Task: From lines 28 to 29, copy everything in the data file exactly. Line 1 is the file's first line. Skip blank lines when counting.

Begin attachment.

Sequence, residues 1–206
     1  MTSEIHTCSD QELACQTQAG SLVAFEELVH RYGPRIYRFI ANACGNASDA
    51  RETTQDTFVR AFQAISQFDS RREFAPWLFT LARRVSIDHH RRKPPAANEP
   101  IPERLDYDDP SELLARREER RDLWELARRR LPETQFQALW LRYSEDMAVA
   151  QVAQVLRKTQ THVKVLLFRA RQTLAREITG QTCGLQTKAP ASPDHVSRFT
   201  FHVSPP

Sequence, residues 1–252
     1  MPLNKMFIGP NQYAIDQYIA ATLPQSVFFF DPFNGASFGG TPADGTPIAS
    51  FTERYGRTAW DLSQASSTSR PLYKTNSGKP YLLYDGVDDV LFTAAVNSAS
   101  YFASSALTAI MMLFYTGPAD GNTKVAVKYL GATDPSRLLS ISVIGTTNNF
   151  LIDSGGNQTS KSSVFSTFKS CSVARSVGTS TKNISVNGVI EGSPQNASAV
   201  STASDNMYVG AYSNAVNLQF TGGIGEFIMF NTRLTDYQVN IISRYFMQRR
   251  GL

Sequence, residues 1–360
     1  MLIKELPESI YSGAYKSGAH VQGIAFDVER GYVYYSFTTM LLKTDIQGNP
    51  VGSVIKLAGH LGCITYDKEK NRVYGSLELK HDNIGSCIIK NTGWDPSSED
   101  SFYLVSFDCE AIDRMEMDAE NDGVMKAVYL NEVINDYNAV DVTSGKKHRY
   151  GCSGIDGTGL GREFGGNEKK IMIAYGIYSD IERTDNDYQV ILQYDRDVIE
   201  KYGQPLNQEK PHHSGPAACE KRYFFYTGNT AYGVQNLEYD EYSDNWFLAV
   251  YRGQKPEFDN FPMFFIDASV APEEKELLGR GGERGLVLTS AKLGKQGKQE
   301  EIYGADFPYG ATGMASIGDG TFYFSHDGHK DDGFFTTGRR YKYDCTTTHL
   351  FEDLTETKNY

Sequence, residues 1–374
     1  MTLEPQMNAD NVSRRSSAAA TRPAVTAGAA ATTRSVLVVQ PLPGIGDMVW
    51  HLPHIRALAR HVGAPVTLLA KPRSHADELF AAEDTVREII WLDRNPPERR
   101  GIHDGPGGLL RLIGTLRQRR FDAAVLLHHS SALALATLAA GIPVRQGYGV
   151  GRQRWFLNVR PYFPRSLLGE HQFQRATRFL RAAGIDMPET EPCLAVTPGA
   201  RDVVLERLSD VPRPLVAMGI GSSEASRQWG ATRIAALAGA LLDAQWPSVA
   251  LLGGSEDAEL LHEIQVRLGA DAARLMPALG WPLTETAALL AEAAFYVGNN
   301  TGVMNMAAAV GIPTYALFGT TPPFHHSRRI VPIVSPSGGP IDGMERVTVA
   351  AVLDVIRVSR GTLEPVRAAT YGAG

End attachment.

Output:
   201  RDVVLERLSD VPRPLVAMGI GSSEASRQWG ATRIAALAGA LLDAQWPSVA
   251  LLGGSEDAEL LHEIQVRLGA DAARLMPALG WPLTETAALL AEAAFYVGNN